Is VAR causing more problems than it solves?

The operational wobbles of football’s Video Assistant Referee system are frequently debated.

VAR, quickly abbreviated in the lexicon of the game as if it were Louis van Gaal or Kevin-Prince Boateng, is already in use in some of Europe’s elite leagues this season despite the nakedness of its failure during what we were told was a trial in international football.

The trial was a farce and VAR’s flaws are being uncovered in the very games whose supposed importance necessitated its introduction in the first place. And its flaws are many.

In Germany and Italy the use of VAR has brought with it the confusion that invited criticism when it was used in the FIFA Club World Cup last year. A new front has now been opened up for the haranguing of referees.

The system’s application has been the subject of scrutiny even amongst those who are broadly in favour of its deployment. Its supporters simply want match officials to be assisted in reaching the correct decisions – and let’s not take all day if it isn’t too much to ask.

VAR struggles in both regards and too often fails in the first. For all the investment, all the ceremony, the decisions still come down to human interpretation.

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Followers of the ‘thin end of the wedge’ argument against goal-line technology predicted that the use of technology would soon stop being about black and white matters of technical fact and start being about opinions.

But all of this is immaterial. VAR’s ability or otherwise to achieve officiating perfection is meaningless because football is striving for infallible accuracy it doesn’t need and shouldn’t want.

VAR cannot resolve this perceived need for every big decision to be made correctly. But the question too few of us are asking is whether we should be demanding perfection at all. It is, after all, just a game. What’s a missed offside or a fluffed red card decision in the fullness of the sport?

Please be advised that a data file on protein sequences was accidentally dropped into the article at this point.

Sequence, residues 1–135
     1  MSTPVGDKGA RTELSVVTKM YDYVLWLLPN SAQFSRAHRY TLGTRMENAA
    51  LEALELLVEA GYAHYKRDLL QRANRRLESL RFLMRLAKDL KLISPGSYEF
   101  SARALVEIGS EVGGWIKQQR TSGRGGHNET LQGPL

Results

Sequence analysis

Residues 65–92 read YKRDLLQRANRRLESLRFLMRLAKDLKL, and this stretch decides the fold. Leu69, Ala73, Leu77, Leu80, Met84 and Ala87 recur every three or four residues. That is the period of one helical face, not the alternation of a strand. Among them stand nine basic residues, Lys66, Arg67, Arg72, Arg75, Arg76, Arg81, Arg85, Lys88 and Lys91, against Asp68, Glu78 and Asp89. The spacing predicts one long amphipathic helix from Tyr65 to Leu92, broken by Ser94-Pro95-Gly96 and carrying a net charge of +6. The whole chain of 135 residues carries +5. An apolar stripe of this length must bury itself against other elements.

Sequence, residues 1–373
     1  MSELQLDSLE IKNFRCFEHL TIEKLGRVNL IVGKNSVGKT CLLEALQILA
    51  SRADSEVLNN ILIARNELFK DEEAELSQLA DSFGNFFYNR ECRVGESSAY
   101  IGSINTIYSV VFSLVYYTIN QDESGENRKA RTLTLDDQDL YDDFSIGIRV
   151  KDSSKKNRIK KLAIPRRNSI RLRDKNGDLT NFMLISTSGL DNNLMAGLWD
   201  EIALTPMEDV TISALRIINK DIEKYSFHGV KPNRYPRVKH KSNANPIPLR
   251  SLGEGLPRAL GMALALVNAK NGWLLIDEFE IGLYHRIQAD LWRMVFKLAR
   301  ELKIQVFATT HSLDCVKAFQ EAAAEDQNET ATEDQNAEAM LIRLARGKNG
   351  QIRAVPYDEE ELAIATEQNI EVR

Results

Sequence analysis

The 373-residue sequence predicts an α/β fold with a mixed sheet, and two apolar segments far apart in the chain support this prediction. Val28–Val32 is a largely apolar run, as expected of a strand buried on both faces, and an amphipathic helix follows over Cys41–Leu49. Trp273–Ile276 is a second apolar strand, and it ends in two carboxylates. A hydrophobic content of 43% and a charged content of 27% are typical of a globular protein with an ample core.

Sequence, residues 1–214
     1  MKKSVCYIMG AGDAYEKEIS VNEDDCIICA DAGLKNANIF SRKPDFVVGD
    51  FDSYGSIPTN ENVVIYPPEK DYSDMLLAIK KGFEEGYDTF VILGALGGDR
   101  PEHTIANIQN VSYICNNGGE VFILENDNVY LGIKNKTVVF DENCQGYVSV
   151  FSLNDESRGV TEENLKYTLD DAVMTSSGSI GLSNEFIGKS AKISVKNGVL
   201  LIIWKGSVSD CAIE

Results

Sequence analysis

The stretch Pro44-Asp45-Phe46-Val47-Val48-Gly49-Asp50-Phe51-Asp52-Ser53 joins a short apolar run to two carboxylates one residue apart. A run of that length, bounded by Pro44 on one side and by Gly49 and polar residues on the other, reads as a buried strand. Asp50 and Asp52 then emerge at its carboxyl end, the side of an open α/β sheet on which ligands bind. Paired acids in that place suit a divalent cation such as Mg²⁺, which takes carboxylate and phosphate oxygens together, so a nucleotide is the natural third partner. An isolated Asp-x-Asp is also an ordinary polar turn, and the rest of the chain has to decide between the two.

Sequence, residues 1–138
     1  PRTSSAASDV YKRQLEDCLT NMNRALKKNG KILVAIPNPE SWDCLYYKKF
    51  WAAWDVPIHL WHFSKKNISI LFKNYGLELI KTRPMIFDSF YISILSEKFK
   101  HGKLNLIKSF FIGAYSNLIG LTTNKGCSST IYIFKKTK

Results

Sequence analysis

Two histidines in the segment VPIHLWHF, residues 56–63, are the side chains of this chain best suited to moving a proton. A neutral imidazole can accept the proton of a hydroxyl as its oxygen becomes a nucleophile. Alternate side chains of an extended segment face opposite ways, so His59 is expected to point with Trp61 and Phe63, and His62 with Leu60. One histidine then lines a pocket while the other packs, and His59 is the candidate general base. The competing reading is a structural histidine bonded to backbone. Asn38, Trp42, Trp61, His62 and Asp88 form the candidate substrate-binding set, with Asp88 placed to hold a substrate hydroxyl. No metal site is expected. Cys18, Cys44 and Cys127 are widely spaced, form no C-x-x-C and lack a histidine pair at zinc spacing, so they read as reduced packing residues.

This was one of the arguments against goal-line technology, too, but the nature of goal-line decisions at least means right and wrong can be clarified to a high level of accuracy. What we don’t know is how many of those calls would actually have been made incorrectly without the tech.

The decisions now subject to VAR are much less conclusive, and seeking to purify them is damaging. VAR is overruling assistant referees whose decisions, even on second viewing, would have been deemed correct on the gantry this time last year.

One example is the policing of an offside line a nanometre wide, shades of doubt obsoleted by freeze frames that show a toe gaining the all-important illegal advantage.

When Chile played Cameroon in the FIFA Confederations Cup in the summer, Edu Vargas scored for Chile and the goal went for review because of a possible offside. The assistant referee didn’t raise his flag  –  maybe because the prudent approach is to allow the outcome to develop, maybe not  –  and the VAR process led to the goal being ruled out.

The verdict took far too long to reach as Vargas was the subject of a belated virtual offside flag and the goal was chalked off. But there were other problems too. Firstly, the margin was so fine that you’d have a tough time justifying the assistant referee being corrected.

Secondly, Vargas wasn’t offside. It was disputed at the time, rendering VAR a nonsense at a stroke in any case, but he wasn’t. On a normal replay before the summer nobody would even have bothered to question it. VAR turned a right decision into a wrong one, during a trial, and the technology was being used in Serie A and the Bundesliga weeks later.

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In the latter, Timo Werner of RB Leipzig might recall Gonzalo Jara’s attempt to elbow him in Germany’s game against Chile at the Confederations Cup. Again, the incident went to review and the referee went to the touchline to watch the footage.

He gave a yellow card where the technology available to him had provided undeniable evidence for a red. VAR failed to root out a referee’s erroneous interpretation of a decision, during a trial, yet Gianni Infantino declared the trial a success and the technology will be used at the FIFA World Cup.

Yes, VAR is here. And, with the media and football public completely bought into the charge towards clinical pseudo-justice, it’s not going away. We have accepted the absurd primacy of the outcome and that’s that.

But the use of VAR must be reframed. Telling an assistant referee that they’ve got a decision wrong when it was right to the naked eye is not in any way a positive development.

It undermines the official, it gives the advantage to defenders to an unacceptable degree, and it disallows goals that should never have been wiped from existence.

And that’s just when VAR gets it right.

Is VAR causing more problems than it solves?
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